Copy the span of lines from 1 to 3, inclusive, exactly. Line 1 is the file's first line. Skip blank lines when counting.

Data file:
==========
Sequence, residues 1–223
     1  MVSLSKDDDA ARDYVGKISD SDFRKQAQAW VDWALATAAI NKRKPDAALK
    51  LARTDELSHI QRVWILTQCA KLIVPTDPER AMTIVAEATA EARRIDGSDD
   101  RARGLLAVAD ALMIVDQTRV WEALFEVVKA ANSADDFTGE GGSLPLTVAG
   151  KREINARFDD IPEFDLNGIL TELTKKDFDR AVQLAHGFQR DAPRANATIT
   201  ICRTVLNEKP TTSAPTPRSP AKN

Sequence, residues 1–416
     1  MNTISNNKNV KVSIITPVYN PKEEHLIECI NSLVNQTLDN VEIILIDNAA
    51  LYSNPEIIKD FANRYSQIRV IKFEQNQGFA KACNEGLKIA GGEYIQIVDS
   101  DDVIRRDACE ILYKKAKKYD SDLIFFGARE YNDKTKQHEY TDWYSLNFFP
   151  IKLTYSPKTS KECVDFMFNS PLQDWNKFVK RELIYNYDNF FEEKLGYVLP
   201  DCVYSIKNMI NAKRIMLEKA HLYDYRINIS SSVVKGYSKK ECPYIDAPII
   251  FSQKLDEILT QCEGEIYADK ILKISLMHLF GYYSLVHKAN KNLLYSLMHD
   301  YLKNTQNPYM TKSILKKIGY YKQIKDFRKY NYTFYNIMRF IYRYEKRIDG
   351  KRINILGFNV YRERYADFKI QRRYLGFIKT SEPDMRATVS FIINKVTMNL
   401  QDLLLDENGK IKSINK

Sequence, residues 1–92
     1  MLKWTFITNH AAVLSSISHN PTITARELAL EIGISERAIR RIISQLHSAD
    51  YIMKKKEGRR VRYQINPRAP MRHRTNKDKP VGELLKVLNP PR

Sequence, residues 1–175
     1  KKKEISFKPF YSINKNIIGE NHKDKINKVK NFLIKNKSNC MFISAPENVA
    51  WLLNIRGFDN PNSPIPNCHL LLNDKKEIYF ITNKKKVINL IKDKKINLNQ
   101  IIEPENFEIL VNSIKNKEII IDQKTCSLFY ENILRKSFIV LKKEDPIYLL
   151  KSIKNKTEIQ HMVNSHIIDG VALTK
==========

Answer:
Sequence, residues 1–223
     1  MVSLSKDDDA ARDYVGKISD SDFRKQAQAW VDWALATAAI NKRKPDAALK
    51  LARTDELSHI QRVWILTQCA KLIVPTDPER AMTIVAEATA EARRIDGSDD